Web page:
Tuesday Tip: 25 Years of Leadership Lessons
For nearly 25 years, Executive Speakers Bureau has been working hard to bring keynote speakers to companies all over the world, offering unparalleled customer service, and providing expertise and training. Being successful has come with its lessons: lessons in leadership, management, and giving back to others. In a recent Inc.com article, owners Angela and Richard Schelp sat down with customer service expert Micah Solomon to discuss what lessons they have learned along the way that enabled their success in the speaking industry. Just a few of these lessons include:
- Forming a True Plan
- Developing a Team Culture of Responsibility and Respect
- Building Your Resource “Library” (and Being Prepared to Use it)
- Giving Back
Read the full article to learn more…
Executive Speakers Bureau is one of the most successful speakers bureaus in the U.S. and one of the only speakers bureaus to ever hit the Inc. 5000. Founded by Angela Schelp in Memphis in 1993 (husband and partner Richard Schelp joined as president and co-owner in 2001), Executive Speakers Bureaus offers and books hundreds of keynote speakers nationally and internationally and continues to grow at a pace rarely approached in this competitive industry, nearly doubling its overall revenue and number of bookings in just the last four years, while maintaining a reputation for customer service and community involvement that is widely viewed as second to none.
Micah Solomon, Inc.com: You’ve spoken in passing about the importance of your vision of success. Can you explain what this means specifically as it relates to commercial success?
Richard Schelp, President and Co-Owner, Executive Speakers Bureau: In order to succeed in a competitive marketplace, you need a true plan or strategy. Our ability to anticipate some of the challenges we have had to face in the industry and our understanding of how to address those challenges has kept us ahead of our competitors and driven our success in revenue and profitability.
Solomon: I’ve heard you and Angela speak about the power of your company’s culture and the pride you take in your employees. Can you speak a bit about this?
Schelp: From the beginning the culture of Executive Speakers Bureau has been built around respect for each other, a true sense of team, and the fact that both what we do within our business and in our community affects many people’s lives. Very few work environments can promise its employees this kind of value.
Our employees are some of the best you will see in any industry, and certainly in ours. It is not just a job to them. They are proud of where they work, and they truly feel responsible for the success of Executive Speakers Bureau. This is the reason why they want to stay. They want to see this thing through to the end.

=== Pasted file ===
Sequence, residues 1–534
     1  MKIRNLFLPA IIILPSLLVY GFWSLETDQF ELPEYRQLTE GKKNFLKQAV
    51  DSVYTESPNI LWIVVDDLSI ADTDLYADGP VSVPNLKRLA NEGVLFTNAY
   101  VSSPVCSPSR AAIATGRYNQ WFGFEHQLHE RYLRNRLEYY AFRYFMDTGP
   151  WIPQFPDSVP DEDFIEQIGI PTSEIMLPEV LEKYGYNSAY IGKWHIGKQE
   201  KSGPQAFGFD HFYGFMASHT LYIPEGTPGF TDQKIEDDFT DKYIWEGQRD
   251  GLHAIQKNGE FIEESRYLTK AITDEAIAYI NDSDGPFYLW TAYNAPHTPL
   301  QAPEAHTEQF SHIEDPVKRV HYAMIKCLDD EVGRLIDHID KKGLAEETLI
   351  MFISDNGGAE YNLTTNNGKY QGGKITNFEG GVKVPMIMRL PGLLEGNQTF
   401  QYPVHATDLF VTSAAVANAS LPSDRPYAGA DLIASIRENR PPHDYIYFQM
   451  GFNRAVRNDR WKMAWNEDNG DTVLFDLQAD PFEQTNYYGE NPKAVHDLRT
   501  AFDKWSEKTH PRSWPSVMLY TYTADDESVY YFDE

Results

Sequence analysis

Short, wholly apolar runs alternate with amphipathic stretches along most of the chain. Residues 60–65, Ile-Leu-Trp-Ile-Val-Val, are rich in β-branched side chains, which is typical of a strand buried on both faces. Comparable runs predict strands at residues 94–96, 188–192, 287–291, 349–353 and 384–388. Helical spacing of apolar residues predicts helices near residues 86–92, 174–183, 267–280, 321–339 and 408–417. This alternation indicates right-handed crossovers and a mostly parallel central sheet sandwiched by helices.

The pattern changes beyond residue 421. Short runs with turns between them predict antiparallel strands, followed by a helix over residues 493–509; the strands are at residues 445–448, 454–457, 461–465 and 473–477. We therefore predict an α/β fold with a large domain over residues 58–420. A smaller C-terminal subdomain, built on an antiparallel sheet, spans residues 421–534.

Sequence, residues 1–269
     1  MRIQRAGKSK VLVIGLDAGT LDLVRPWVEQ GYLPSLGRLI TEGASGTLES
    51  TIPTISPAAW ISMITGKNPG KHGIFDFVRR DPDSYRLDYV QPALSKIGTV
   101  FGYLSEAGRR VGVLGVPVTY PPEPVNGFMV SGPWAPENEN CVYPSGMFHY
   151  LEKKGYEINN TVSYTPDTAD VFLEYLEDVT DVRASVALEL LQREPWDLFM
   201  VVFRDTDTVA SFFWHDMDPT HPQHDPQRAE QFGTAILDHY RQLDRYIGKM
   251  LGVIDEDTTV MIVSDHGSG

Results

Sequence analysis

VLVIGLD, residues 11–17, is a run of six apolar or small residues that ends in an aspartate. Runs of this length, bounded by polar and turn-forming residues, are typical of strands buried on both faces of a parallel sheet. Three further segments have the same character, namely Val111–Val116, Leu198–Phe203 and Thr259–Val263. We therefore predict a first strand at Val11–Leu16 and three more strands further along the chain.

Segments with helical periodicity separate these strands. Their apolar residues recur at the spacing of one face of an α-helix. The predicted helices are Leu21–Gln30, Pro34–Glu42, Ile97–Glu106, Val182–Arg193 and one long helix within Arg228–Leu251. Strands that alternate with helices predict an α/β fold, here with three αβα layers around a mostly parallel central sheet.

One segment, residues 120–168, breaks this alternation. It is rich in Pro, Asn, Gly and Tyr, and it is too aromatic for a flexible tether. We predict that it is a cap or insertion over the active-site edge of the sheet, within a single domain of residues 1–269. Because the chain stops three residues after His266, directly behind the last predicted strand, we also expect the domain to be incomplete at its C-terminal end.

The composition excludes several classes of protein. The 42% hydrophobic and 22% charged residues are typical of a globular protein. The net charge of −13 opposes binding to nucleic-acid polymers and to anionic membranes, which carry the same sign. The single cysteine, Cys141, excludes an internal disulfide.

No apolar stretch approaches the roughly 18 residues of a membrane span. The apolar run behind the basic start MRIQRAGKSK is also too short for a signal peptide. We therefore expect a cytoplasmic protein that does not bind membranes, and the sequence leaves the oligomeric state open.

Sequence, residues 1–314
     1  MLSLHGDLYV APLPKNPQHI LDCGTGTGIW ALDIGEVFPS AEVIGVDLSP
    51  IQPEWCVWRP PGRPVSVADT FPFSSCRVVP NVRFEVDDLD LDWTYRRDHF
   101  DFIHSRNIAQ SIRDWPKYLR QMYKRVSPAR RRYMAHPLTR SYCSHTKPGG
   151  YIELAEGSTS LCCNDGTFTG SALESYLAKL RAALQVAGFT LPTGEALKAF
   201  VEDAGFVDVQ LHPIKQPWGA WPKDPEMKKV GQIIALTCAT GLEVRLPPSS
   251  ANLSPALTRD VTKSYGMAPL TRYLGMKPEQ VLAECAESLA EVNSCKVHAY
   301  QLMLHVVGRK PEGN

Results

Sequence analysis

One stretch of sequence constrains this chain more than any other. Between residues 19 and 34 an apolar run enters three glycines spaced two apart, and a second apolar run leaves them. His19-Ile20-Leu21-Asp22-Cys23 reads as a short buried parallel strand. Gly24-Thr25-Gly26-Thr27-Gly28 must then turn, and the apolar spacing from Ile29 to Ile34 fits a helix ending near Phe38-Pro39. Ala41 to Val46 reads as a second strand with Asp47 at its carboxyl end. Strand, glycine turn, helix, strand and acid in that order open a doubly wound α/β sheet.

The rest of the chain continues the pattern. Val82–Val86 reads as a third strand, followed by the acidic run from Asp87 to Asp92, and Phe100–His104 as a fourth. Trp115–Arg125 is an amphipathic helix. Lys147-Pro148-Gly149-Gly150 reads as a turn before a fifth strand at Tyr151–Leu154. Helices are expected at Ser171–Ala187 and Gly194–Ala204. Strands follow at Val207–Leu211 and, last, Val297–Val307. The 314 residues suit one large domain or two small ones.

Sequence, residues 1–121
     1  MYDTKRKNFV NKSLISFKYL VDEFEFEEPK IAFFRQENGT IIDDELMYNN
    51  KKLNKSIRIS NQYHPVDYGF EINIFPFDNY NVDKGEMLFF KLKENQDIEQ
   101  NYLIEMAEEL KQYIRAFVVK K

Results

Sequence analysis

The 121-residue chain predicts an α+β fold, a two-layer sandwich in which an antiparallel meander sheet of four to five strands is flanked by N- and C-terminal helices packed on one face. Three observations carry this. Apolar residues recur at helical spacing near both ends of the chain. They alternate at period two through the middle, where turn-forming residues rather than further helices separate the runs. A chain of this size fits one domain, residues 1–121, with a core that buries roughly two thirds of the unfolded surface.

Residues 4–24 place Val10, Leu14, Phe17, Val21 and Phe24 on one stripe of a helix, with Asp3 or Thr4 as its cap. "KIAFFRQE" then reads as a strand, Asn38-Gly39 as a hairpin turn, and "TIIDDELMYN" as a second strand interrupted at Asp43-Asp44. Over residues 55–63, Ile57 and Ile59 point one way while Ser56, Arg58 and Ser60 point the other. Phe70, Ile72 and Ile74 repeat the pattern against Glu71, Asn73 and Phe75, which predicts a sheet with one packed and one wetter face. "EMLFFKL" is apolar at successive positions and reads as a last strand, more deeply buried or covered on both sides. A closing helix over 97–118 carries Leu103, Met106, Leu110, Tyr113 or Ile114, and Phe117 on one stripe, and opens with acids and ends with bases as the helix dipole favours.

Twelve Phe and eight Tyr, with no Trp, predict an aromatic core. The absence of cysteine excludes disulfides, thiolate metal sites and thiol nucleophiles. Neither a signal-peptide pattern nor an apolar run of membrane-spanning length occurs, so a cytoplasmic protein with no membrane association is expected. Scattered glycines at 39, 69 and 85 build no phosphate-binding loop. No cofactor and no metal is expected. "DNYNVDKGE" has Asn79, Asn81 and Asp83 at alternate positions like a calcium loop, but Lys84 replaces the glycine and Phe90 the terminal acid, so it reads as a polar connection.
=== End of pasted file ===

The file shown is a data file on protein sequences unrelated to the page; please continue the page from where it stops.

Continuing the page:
Solomon: What in your and Angela’s prior background led you to be able to take this approach and succeed with the culture of your company and your relationship to your employees?
Schelp: Both Angela and I have a wealth of corporate experience (IBM, AT&T, and other big firms) in which we have both managed and worked for a number of people. When you have seen a lot of examples of great and terrible management, you start to get a feel for what works and what doesn’t. All of the previous managers that I respected established environments in which I felt comfortable going to them, and they were the primary reason for me enjoying my job.
Solomon: Your bureau has grown quite quickly. How is life different now that you are an agency of significant size and pull?
Schelp: Life at Executive Speakers Bureau is definitely a little bit different now that we are much bigger. With that does come a level of responsibility and respect. Because of our increased size, we now have a larger role within our industry association. As a matter of fact, I will become the president of the association next Spring.
Also, in the early years of our bureau we used to base our decisions about processes, documents, fee recommendations, etc. on what the larger bureaus were doing. Now we don’t check with others. We make our decisions based on what we know and what we think makes the most sense. Surprisingly many bureaus are following our lead, and they are calling us to ask how we do things.
Solomon: Many of my readers are entrepreneurs and business leaders themselves. It’s very helpful and enjoyable (!) for them to hear about mistakes you’ve made or tricky situations you’ve endured in the past, what went sideways and how you either dealt with it or learned from it.
Schelp: A few years ago I faced an extremely tricky situation that taught me so many lessons as a business owner in our industry. A high-profile sports figure was supposed to speak for me at a large convention in New York. He decided to fly in on his private plane the morning of the event. However, there was a terrible electrical storm that morning, and his plane was grounded, leaving me without a speaker. I received the call at 6:30AM and the speaker’s presentation was at 10:30AM. I had four hours to find a replacement for a great speaker and get him to the event on time. Immediately I went to work by calling all of the speakers and agents who were high quality and could get there-and, ultimately, I was fortunate enough to find a speaker who my client absolutely loved.
The lessons from this incident were numerous, but most importantly I realized just how crucial it is to have access to many resources, so that an emergency situation becomes doable, otherwise it is impossible. Also, I learned that as long as you are determined and efficient any task can be accomplished.